Picture: for illustration purposes

South African Man Wins R2.6 Million in Lawsuit Against Police After Wrongful Detention

Published September 27, 2023
9 months ago

A South African man, Ntokozo Patrick Xulu, scored a victory for justice after the Johannesburg High Court ruled in his favour, ordering the Minister of Police to compensate him with R2.6 million for wrongful arrest and detention. This legal victory sends a loud message of accountability to the South African police force.



Mr. Xulu spent over two distressing years behind bars, a total of 813 days, after an unfortunate encounter with a hijacker, identified as "Mr. Rodriguez", outside his home. Despite providing evidence that he acted in self-defence, he was arrested and denied bail.


Despite his earnest attempts to explain his side of the story, Mr. Xulu found himself languishing in prison. Acting Judge Irene de Vos elaborately detailed how Xulu only shot after firing warning shots and how he promptly attempted to report the incident at the nearest police station, indicating his intentions were in line with the law and not against it.


As per Judge de Vos, Xulu's consistent defence had been overlooked, leading to his wrongful detention and wrongful prosecution. The prosecution was oblivious of the fact that Xulu was the victim of an attempted robbery.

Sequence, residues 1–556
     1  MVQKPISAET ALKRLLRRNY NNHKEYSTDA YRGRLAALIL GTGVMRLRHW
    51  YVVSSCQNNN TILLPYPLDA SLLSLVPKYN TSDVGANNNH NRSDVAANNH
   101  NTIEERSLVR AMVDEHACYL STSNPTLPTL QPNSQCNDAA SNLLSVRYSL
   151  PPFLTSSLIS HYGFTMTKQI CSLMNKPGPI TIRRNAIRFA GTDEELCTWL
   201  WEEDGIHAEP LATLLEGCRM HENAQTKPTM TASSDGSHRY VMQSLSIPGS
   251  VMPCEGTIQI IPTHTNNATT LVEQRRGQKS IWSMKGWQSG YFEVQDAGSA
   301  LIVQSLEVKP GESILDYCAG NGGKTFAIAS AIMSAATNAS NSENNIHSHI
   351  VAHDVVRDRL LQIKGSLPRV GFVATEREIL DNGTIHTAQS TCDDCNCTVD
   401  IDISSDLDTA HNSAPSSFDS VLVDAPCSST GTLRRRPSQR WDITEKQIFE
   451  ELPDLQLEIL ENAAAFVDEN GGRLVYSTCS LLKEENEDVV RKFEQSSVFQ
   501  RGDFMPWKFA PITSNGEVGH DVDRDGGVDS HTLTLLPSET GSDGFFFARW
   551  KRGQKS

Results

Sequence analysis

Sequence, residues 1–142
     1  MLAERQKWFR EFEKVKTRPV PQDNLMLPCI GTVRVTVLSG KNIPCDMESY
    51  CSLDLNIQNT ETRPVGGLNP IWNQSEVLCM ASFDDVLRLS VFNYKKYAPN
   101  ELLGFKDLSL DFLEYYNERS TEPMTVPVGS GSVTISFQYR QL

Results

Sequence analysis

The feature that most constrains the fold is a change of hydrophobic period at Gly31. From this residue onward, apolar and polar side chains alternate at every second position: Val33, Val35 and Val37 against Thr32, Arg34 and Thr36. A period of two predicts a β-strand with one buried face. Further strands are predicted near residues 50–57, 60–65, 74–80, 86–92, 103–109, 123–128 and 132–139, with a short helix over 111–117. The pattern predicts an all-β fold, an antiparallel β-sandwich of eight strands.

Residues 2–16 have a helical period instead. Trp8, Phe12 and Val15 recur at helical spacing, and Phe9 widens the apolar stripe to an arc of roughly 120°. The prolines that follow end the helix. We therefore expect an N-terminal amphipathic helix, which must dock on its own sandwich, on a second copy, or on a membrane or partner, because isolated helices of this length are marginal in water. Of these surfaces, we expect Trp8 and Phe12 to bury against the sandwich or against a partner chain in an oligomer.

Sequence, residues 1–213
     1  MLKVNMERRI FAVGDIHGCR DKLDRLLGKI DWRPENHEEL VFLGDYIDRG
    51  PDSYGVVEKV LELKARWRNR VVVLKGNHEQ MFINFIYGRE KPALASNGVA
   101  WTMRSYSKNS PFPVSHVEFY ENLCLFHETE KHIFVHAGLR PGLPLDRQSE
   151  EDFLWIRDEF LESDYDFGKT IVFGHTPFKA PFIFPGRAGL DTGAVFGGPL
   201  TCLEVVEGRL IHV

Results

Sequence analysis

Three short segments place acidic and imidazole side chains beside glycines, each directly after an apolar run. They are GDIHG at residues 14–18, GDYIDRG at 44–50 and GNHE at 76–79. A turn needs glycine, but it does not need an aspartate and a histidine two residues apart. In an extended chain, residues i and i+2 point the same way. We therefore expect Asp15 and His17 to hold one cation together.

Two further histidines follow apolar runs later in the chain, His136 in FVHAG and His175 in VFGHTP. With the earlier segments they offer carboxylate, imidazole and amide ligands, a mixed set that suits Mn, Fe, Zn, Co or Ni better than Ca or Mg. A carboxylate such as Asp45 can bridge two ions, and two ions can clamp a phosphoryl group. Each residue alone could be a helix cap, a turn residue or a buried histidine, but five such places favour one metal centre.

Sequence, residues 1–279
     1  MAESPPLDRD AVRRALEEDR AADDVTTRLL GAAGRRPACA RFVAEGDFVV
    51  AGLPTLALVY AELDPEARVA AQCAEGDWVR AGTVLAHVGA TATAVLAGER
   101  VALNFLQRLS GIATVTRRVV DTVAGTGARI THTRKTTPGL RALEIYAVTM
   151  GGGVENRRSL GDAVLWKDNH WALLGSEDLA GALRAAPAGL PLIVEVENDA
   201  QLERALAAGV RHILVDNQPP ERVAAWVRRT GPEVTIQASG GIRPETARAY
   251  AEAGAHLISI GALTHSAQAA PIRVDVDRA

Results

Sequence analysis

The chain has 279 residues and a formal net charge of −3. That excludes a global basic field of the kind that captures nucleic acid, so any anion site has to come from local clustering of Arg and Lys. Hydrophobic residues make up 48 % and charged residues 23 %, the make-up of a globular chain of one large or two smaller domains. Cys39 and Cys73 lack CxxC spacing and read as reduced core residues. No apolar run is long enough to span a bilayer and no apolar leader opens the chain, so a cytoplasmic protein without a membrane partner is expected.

Court documents revealed that the initial police report, sent to ballistics for cartridge testing a week post-arrest, supported Xulu's version and labeled the deceased as a hijacker. This evidence had been suppressed initially, plunging Xulu into a terrifying experience in prison.


Judge de Vos called out the police and investigator for ignoring their public duty. Their failure to accurately relay Xulu's defence to the prosecution caused him significant distress, affected his family, and raised questions about misconduct within the police force.


The legal victory, besides granting him a hefty payout, seeks to restore Xulu's tarnished reputation and bring to light questionable practices within South Africa's criminal justice system.


Leave a Comment

Rate this article:

Please enter email address.
Looks good!
Please enter your name.
Looks good!
Please enter a message.
Looks good!
Please check re-captcha.
Looks good!
Leave the first review